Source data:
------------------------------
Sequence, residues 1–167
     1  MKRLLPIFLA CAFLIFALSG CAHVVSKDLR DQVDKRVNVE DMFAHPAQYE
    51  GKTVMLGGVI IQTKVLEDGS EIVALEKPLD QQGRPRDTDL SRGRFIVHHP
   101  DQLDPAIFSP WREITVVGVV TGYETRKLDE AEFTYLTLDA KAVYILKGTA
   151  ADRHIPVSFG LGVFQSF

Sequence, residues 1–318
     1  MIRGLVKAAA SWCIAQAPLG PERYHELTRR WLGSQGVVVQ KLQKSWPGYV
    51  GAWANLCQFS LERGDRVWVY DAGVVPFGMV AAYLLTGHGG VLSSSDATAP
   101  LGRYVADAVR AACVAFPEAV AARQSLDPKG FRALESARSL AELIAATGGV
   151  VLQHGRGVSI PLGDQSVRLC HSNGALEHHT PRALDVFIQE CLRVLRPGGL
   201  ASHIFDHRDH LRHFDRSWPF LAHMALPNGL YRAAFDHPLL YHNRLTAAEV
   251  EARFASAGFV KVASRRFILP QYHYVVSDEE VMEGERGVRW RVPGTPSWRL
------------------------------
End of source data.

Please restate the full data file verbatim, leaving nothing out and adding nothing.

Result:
Sequence, residues 1–167
     1  MKRLLPIFLA CAFLIFALSG CAHVVSKDLR DQVDKRVNVE DMFAHPAQYE
    51  GKTVMLGGVI IQTKVLEDGS EIVALEKPLD QQGRPRDTDL SRGRFIVHHP
   101  DQLDPAIFSP WREITVVGVV TGYETRKLDE AEFTYLTLDA KAVYILKGTA
   151  ADRHIPVSFG LGVFQSF

Sequence, residues 1–318
     1  MIRGLVKAAA SWCIAQAPLG PERYHELTRR WLGSQGVVVQ KLQKSWPGYV
    51  GAWANLCQFS LERGDRVWVY DAGVVPFGMV AAYLLTGHGG VLSSSDATAP
   101  LGRYVADAVR AACVAFPEAV AARQSLDPKG FRALESARSL AELIAATGGV
   151  VLQHGRGVSI PLGDQSVRLC HSNGALEHHT PRALDVFIQE CLRVLRPGGL
   201  ASHIFDHRDH LRHFDRSWPF LAHMALPNGL YRAAFDHPLL YHNRLTAAEV
   251  EARFASAGFV KVASRRFILP QYHYVVSDEE VMEGERGVRW RVPGTPSWRL